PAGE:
Saturday, March 11, 2017

Going Gardening, BU Completes Sweep of Huskies

BU will be back at the Garden for the first time since 2015 after dropping Northeastern 3-2 in game two and completing a two-game sweep of the Huskies in almost identical fashion to last night’s game… Just without the overtime.

Coach Quinn jokingly opened his press conference by asking “Should we just replay last night’s press conference?”

BU fell behind 2-0 on goals by Biagio Lerario and Nolan Stevens in the first. From the left-wing dot, Lerario ripped home his first goal of the year off the crossbar, up over Jake Oettinger’s shoulder to give the Huskies a 1-0 lead 2:23 into the game. Later in the frame, Matt Fillipe threaded a pass to Stevens in the slot and from there, the junior forward poked it past Oettinger to make it 2-0.

“I thought we played much better in this first period than we did last night,” added Quinn. “I wish we’d start better, I thought we were really sloppy with the puck. It was turnovers that were really causing us problems and I thought as the game went on we managed the puck better.”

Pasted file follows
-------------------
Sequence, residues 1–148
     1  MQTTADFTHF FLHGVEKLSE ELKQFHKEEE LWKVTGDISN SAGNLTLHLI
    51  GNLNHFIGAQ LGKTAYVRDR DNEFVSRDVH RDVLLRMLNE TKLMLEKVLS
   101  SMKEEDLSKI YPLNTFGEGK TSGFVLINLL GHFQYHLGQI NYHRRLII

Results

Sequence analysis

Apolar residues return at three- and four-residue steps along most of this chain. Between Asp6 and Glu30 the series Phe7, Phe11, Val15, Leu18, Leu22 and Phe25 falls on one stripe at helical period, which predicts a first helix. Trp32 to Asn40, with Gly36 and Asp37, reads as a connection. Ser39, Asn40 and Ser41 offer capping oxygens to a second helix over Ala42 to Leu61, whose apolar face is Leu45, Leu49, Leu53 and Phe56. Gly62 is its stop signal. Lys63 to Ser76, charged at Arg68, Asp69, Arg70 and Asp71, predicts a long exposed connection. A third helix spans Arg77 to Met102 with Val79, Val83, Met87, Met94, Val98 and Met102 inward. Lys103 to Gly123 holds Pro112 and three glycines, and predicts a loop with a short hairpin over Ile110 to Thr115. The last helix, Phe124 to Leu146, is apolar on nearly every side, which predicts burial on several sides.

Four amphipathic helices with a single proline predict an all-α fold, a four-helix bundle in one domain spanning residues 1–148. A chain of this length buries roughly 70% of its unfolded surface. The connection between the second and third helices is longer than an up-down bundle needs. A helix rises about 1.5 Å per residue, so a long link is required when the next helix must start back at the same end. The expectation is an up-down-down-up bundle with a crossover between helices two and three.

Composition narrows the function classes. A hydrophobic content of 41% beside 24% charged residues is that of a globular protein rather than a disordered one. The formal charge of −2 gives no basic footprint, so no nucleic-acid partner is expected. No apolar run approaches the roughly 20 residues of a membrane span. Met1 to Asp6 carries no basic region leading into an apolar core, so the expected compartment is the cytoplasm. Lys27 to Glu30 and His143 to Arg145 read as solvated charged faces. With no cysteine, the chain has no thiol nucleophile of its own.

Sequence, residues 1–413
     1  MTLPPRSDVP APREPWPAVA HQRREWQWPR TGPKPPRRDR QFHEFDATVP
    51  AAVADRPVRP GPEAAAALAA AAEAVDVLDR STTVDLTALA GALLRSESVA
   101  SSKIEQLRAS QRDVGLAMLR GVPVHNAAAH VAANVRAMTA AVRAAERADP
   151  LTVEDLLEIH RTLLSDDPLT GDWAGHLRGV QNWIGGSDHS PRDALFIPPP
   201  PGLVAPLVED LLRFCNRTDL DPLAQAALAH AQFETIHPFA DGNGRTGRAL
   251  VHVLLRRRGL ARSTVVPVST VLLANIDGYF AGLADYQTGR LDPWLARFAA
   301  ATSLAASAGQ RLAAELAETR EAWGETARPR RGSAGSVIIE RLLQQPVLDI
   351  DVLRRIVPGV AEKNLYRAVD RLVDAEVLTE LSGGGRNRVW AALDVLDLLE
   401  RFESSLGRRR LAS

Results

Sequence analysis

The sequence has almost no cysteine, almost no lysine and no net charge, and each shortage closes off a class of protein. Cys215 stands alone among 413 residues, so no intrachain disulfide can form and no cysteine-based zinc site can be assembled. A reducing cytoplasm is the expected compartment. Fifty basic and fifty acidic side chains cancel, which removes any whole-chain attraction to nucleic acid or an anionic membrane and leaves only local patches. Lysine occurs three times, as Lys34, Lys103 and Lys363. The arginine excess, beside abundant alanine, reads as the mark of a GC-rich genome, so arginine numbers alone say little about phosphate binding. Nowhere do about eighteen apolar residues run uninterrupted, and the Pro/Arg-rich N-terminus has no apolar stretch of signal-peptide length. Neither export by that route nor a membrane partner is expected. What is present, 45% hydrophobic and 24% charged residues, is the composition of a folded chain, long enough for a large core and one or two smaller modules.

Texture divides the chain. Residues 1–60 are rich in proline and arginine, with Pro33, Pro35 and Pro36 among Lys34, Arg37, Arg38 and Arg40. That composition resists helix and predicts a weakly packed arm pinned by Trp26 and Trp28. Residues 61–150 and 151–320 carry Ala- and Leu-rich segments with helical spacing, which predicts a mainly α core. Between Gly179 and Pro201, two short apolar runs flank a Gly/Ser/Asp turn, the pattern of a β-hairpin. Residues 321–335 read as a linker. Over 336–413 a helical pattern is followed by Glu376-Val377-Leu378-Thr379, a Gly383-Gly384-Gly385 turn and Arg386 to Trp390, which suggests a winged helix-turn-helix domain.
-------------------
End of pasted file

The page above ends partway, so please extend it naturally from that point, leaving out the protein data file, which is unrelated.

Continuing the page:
Again, it was a strong night of special teams for BU, scorring twice on the man advantage and a perfect 3 for 3 on the kill.

“We have a great goalie,” said Quinn on why his team was so successful on the kill. “Listen, they had chances. It wasn’t like we hemmed them in and they didn’t have chances. You need a little puck luck too.”

Jakob Forsbacka Karlsson found pay dirt on a nice redirection of a Clayton Keller pass to get BU on the board with 5:22 left in the second on the power play.